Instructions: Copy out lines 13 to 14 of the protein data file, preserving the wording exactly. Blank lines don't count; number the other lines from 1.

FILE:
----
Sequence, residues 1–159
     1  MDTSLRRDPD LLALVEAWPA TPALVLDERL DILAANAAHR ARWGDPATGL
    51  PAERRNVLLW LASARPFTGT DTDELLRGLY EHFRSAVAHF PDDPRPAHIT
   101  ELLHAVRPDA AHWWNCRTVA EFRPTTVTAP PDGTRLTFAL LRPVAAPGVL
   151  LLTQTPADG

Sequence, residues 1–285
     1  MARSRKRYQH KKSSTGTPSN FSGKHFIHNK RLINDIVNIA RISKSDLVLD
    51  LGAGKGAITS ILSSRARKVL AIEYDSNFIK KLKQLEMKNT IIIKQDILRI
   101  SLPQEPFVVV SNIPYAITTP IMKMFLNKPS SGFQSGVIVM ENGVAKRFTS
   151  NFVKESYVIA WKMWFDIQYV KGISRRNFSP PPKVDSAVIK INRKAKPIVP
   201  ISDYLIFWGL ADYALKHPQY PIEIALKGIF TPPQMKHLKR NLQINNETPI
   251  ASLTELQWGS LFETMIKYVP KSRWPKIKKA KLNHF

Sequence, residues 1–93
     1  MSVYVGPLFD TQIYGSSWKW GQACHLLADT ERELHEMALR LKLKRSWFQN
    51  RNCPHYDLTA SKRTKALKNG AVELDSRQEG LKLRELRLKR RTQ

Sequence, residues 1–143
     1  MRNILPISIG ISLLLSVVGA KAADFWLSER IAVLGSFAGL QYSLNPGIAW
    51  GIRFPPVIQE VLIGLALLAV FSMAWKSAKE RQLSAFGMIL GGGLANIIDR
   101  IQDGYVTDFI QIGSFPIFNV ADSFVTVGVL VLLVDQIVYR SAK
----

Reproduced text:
Sequence, residues 1–93
     1  MSVYVGPLFD TQIYGSSWKW GQACHLLADT ERELHEMALR LKLKRSWFQN